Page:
Pro Lacrosse in South Florida: Seminole Gaming's Next Frontier?
Florida sports history was made Saturday night, and you probably missed it. The state's first-ever professional lacrosse game was played at BankAtlantic Center in Sunrise, between the Toronto Rock and the New York Titans. Rock star (heh) Blaine Manning won the game in dramatic fashion, breaking a 14-14 tie with just 38 seconds left on the clock.
I talked with Kevin Finneran, a former lacrosse star in Philadelphia who coached in Chicago and is now hustling to market the sport to the famously fickle sports fans of South Florida. Considering lacrosse is an Indian invention, will the Seminole Tribe stake some of its fortune on a South Florida franchise? I'll ask Finneran after the jump.
Still, the event was popular enough to keep hope alive -- for Finneran, at least -- that Florida would make fertile ground for a professional lacrosse franchise. "That's my goal," he says. "This was a way to test the waters. There's a lot of excitement here, and that's part of it. But you have also have a solid ownership group committed to the long-term stability of the team and the health of the league."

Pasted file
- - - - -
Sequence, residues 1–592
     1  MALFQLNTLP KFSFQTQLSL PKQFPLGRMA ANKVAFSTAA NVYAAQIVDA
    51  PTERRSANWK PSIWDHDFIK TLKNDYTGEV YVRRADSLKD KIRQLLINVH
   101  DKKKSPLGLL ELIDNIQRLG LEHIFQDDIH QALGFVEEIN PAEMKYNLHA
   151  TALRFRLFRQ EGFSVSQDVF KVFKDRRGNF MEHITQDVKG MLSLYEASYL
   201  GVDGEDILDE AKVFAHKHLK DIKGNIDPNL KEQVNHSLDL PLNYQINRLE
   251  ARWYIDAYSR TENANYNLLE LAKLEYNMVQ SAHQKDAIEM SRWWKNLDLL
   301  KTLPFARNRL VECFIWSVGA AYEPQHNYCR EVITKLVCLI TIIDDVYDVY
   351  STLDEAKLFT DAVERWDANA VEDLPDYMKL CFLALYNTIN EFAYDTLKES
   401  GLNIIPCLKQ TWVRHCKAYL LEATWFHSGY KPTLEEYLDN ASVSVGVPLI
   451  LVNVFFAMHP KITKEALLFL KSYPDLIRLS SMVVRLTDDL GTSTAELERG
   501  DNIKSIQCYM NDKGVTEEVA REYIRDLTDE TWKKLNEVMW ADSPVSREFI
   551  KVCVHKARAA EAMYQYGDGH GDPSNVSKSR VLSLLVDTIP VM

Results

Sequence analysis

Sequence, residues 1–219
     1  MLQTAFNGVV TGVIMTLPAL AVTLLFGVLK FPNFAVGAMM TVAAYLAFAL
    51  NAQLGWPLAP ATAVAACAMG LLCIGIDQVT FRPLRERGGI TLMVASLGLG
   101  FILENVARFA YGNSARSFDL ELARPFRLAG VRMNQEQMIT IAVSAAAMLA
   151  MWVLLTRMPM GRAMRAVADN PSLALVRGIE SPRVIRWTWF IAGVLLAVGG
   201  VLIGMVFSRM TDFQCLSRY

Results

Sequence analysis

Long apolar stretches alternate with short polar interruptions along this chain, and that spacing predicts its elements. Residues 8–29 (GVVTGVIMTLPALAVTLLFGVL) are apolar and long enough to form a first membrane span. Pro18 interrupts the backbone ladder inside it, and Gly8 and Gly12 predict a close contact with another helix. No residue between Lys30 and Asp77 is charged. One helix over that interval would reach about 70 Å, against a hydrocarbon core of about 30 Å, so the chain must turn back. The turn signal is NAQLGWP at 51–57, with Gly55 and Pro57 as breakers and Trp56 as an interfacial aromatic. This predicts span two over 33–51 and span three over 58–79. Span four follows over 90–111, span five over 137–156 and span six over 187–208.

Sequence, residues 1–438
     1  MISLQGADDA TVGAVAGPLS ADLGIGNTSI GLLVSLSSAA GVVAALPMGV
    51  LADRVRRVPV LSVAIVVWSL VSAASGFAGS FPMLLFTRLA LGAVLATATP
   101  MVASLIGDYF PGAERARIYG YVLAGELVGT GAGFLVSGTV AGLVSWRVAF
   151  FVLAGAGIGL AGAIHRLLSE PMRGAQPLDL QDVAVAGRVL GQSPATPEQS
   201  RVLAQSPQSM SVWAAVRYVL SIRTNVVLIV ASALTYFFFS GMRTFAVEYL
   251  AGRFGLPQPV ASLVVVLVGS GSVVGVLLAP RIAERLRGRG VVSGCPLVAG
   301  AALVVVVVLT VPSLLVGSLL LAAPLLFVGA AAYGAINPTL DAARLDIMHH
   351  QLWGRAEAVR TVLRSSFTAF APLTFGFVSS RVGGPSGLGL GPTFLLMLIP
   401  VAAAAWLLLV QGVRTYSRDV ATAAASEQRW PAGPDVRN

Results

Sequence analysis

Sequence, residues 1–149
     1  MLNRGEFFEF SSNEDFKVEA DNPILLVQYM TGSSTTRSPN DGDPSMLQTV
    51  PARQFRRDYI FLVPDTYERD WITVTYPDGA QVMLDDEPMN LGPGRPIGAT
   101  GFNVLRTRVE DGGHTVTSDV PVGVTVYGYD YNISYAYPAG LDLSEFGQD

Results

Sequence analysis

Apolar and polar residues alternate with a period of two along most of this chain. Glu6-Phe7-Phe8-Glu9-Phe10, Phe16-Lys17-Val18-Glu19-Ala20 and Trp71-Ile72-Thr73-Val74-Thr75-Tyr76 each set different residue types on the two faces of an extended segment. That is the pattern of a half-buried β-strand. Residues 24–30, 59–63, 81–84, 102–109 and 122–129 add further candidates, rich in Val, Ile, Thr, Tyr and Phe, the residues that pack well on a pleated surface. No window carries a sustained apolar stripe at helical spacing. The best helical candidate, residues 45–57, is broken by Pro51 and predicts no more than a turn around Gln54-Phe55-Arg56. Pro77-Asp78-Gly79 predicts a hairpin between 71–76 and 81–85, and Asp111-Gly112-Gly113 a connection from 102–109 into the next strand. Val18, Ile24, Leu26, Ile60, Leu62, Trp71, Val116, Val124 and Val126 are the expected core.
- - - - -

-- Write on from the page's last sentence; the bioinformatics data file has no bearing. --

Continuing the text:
The Seminole Tribe was the title sponsor of the event. And its members have awfully deep pockets, thanks to the Seminole Hard Rock franchise. Tribal Council member Max Osceola, who performed the inaugural face-off Saturday night, even has a grandson who plays lacrosse for Pine Crest Academy. When asked whether he'd approached the Seminoles about financing a lacrosse franchise, an otherwise candid Finneran became suddenly oblique, saying only that his first concern was to analyze how the first game went and then "re-evaluate in the next few weeks" the question of who or what would be the financial engine for pro lacrosse in the region. My guess: Finneran's made his pitch to the Seminoles, and they're still thinking about it.
Lacrosse is growing in popularity, especially on high school and college campuses, but Finneran admits that it remains hard to convince lacrosse stars to stick with the sport after they've graduated. "Those players who went to Duke or to the Ivy League schools, or to Virginia or Notre Dame, they have careers away from the sport," says Finneran. "But they have such a passion that they work around their schedules. On Friday, they'll get done with work, pack a bag and head for the airport."
A key to making the sport viable in South Florida, he says, is to convince lacrosse players to move here, as the league can't afford the same travel expenses paid by major sports. For players, relocating to Florida may be a more challenging proposition if only because in the indoor league at least, the majority of the players are Canadian.
-- Thomas Francis